Pierre Chareau, ‘Ceiling Light, Model LP270’, circa 1923, Sotheby's: Important Design

Dimensions: 17 in. (43.2 cm) drop

René Chavance, "L'Art Décoratif contemporain au pavillon de Marsan," Art et Décoration, January-June 1923, p. 173
"L'Exposition des Arts Decoratifs, Le Mobilier Français," Art et Décoration, July 1925, p. 13
Gaston Rémon, "Les Créations de Pierre Chareau," Mobilier et Décoration, January 1927, p. 105
E. Tisserand, "Une oeuvre nouvelle de Pierre Chareau ensemblier," L'Art et les Artistes, January 1928, p. 132
René Herbst, Un Inventeur, l'Architecte Pierre Chareau, Paris, 1954, pp. 89, 99
Marc Vellay and Kenneth Frampton, Pierre Chareau: Architecte-Meublier 1883-1950, Paris, 1984, pp. 55, 83, 294, 333 (for related examples)

Grand Hôtel, Tours, France
Christie's London, May 16, 2001, lot 74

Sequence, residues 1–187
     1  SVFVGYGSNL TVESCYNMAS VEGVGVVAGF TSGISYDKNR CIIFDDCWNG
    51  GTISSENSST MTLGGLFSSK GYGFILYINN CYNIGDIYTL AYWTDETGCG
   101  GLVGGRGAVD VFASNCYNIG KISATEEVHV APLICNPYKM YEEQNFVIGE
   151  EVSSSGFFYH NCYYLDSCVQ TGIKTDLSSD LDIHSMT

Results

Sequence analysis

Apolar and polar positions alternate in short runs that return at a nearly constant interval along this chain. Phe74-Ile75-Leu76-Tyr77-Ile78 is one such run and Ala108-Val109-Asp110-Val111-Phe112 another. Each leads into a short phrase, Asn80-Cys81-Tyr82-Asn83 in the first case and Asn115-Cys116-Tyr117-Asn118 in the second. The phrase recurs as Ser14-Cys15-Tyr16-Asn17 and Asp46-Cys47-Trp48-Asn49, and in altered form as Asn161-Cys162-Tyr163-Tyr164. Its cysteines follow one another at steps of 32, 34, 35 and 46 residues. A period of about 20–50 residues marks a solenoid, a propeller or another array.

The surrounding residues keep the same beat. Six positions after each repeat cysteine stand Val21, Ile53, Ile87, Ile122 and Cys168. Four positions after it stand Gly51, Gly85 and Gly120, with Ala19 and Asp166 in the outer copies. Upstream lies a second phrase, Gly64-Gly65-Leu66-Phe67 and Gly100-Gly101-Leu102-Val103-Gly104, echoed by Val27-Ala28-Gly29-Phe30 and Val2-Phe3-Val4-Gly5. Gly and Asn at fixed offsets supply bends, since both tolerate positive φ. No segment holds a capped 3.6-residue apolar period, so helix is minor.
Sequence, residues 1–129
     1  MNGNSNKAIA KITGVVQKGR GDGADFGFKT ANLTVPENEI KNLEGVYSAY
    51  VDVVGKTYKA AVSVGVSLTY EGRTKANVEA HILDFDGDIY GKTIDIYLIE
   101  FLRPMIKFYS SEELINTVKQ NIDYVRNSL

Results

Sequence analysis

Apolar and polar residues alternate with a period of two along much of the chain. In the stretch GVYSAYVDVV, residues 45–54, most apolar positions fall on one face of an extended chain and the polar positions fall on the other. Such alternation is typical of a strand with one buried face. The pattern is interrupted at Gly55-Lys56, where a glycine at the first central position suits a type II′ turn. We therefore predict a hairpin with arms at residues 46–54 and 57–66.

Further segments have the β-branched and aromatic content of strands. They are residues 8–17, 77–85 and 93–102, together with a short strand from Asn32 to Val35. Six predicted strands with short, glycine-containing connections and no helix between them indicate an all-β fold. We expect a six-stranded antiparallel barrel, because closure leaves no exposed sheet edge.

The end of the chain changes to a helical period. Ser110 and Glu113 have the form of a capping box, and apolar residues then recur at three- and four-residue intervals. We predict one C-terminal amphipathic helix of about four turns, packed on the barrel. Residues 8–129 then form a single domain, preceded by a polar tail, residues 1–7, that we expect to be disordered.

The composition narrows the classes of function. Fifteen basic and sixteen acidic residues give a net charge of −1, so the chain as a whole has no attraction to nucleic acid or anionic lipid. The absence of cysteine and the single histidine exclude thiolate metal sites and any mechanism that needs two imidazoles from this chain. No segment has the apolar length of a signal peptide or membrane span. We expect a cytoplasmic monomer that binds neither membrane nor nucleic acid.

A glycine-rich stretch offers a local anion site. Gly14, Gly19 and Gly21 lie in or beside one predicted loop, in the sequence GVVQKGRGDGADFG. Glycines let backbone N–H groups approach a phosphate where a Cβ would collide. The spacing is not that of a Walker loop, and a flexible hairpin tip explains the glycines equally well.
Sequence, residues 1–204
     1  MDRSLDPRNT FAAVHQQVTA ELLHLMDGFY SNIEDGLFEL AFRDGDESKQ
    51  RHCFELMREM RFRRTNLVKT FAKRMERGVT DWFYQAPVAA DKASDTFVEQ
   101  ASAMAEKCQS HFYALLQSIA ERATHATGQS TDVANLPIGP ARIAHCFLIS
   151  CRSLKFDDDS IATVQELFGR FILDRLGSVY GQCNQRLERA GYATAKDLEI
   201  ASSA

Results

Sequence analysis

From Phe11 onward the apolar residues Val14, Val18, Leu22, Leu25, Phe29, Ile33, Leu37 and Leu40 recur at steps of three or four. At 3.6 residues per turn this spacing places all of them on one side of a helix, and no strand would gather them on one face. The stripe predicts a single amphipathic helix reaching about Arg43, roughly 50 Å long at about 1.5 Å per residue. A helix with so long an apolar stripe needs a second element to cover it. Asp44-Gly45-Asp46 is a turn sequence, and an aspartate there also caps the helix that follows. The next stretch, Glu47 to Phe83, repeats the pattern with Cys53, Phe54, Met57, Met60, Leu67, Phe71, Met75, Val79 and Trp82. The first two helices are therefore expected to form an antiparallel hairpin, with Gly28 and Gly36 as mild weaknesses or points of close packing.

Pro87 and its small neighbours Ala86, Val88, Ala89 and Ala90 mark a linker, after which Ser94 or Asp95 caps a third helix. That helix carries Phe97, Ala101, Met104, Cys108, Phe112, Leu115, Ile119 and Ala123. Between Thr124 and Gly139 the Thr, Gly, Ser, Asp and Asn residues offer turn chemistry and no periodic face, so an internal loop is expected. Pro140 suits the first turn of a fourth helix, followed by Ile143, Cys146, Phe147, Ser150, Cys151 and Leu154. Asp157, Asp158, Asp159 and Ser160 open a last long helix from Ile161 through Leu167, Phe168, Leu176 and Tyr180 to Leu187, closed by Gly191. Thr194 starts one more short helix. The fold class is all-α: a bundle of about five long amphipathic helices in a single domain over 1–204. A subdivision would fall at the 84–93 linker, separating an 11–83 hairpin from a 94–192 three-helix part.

Acquired from the above by the present owner

About Pierre Chareau

Pierre Chareau is often cited as one of France’s first truly modern architects. Educated at the École des Beaux Arts in Paris, Chareau was interested in Cubism and boldly experimented with materials like glass, steel, and light itself. He’s best remembered for his Maison de Verre (House of Glass), France’s first house made entirely of glass and steel. Built in 1932 as an office and home for Dr. Jean Dalsace, the building is notable for its juxtaposition of a transparent, seemingly weightless structure and custom mechanical innovations with traditional décor and furnishings. Chareau also made designs on a smaller scale, his furniture and lighting expressing the same fascination with technology, material, and complex forms.

French, 1883-1950